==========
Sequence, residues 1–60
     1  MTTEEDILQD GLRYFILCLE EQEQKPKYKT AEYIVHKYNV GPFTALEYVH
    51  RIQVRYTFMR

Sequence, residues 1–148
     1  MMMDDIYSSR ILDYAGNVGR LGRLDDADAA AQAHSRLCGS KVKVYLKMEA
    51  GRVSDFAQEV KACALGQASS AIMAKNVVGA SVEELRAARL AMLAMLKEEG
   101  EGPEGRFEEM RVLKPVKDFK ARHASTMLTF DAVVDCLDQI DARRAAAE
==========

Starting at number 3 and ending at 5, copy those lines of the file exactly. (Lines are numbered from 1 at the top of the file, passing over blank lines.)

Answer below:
    51  RIQVRYTFMR

Sequence, residues 1–148
     1  MMMDDIYSSR ILDYAGNVGR LGRLDDADAA AQAHSRLCGS KVKVYLKMEA